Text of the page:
Instead, the Journal pivots towards its strengths as an OA publication. Indexed in the Directory of Open Access Journals (DOAJ), Student Success is only one of nine Australian OA journals that meet its specific criteria for best practice in OA publishing. There are no article processing charges  and authors retain copyright while articles are licenced via Creative Commons Attribution License, which ensures the content can be used and reused. Authors are encouraged to submit research on practice that clearly identifies elements transferable to other domains and detail how a specific initiative contributes to the broader knowledge base….”

QUT – New Open Access agreement with CSIRO Publishing kicks off with sustainability study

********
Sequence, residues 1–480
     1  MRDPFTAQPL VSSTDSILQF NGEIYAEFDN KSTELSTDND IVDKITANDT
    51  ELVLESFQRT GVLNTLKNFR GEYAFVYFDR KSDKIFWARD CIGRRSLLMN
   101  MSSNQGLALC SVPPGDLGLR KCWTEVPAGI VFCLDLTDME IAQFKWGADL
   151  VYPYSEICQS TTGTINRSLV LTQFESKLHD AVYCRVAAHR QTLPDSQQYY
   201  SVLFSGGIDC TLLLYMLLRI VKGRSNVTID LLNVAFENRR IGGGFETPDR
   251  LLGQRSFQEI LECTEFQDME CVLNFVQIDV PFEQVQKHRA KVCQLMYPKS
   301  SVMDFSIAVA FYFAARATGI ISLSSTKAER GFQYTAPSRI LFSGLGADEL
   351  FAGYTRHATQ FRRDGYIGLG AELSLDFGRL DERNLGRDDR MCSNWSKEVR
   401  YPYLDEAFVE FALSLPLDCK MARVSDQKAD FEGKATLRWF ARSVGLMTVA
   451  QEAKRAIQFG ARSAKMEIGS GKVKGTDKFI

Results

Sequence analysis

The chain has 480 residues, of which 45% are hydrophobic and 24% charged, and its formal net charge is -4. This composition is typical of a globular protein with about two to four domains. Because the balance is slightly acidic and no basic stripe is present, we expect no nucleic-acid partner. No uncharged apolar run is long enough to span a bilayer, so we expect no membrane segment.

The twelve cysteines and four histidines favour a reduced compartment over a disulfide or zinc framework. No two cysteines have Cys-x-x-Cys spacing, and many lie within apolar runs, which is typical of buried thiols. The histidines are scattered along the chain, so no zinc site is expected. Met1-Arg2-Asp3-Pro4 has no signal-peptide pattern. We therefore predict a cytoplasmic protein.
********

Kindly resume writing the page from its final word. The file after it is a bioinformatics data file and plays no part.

“The first article from QUT researchers published under a new agreement with CSIRO Publishing is at the vanguard of an initiative that will see even more QUT research made Open Access in journals that were previously subscription-based.

CSIRO Publishing Read and Publish agreement removes article publishing charges for authors
Research articles previously by subscription now open to all
Creative Commons licence applied to published articles
First QUT article published under agreement looks at circular economy for livestock industry

The CSIRO Publishing Read and Publish agreement is a new type of comprehensive publisher agreement that will increase Open Access options for researchers, QUT Library’s manager, Scholarly Communications Services Stephanie Bradbury said….”